A dark arm reached out to shake my hand, “Hi, I’m Lara. That’s my husband, Finn.” She nodded toward the tall, thin man behind the house entertaining two school-aged children, both bouncing balls around, giggling and playing with their dad. Their beautiful caramel colored skin shimmered in the sun.
I couldn’t believe my good fortune. My heart smiled. The landlord was Jamaican! I was giddy with excitement knowing that Ana Lu could possibly live next door to kids with beautiful brown skin like hers. The skylights, the washer/dryer, the diverse family, the safe neighborhood, the small homey look of a cottage, the incredibly kind landords…the…the…the…this was too good to be true.
Ana Lu and I moved in a month later and the first thing we put up was a photo of me holding Ana Lu when she was an infant. “When I wuz a baby and you and me in Guatemala, I was teeny-tiny,” she says as she scrunches up her face and pinches her fingers together.
“That’s right, Sweetpea,” I reply, kneeling down and touching my pinched fingers to hers. “Teeny-tiny,” I add in a high-pitched voice.
I look around this modest 300 square foot apartment I’m outfitting for the two of us. Every piece of furniture, every decoration, did not make it through the front door without scrutiny. “Does this make me smile?” I’d ask myself.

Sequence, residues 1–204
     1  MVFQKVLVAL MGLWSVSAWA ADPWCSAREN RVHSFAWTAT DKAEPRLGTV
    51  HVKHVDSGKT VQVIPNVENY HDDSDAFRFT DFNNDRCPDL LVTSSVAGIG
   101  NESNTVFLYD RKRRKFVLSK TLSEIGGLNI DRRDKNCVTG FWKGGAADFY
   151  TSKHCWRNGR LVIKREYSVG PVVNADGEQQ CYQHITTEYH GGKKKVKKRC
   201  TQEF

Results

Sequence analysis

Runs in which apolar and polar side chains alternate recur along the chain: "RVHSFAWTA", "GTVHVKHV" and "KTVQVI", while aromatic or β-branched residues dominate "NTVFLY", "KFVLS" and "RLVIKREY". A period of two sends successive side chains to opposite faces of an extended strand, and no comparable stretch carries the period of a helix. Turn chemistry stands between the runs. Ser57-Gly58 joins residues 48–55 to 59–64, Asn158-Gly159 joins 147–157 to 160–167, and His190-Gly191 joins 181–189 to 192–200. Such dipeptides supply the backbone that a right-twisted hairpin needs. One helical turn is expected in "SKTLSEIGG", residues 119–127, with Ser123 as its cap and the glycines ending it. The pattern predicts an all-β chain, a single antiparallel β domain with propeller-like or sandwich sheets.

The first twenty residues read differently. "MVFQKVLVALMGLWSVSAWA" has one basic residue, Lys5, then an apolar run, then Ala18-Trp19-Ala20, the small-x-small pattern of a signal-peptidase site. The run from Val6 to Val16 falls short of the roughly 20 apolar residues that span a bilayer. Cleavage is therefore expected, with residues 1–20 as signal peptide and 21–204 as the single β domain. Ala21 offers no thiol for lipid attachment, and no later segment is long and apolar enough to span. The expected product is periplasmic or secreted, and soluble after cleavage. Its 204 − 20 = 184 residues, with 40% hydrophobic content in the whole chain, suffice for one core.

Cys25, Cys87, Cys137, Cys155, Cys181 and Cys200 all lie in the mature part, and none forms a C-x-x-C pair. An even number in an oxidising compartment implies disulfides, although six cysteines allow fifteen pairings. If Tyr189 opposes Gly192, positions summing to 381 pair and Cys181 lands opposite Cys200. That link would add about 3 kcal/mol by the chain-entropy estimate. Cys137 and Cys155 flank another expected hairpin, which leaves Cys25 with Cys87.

Pink’s music blared while I painted one wall a spectacular bright orange. I leaned back and surveyed my work. Gosh, I love this orange, I thought. Bright, bold and happy. “Huh,” I chuckled, “just like the new me.” My bare, orange-speckled feet danced, my ponytail bounced in sync with the music. I belted out, “So, so what! I’m still a rock star! I got my rock moves!…I’m all right! I’m just fine!”*
While our little apartment could easily be mistaken for a playhouse for one of the wealthy kids in the area, it’s home. So what if Ana Lu has to take baths in a cramped plastic tub. So what if I’m a Registered Nurse who now cleans houses to make ends meet. So what if I have to hand wash my dishes. So what if most of my furniture is second-hand. So what if I’m using Dollar Store soap. So what. I L.O.V.E. our new cottage, our location and our landlords. We have shelter. We have food. We have one another. Ana Lu has a Daddy who adores her; and I have an ex-husband who respects me and who is very responsible with child support. We’re happily co-parenting our daughter, so Ana Lu has two places brimming with love that she calls home.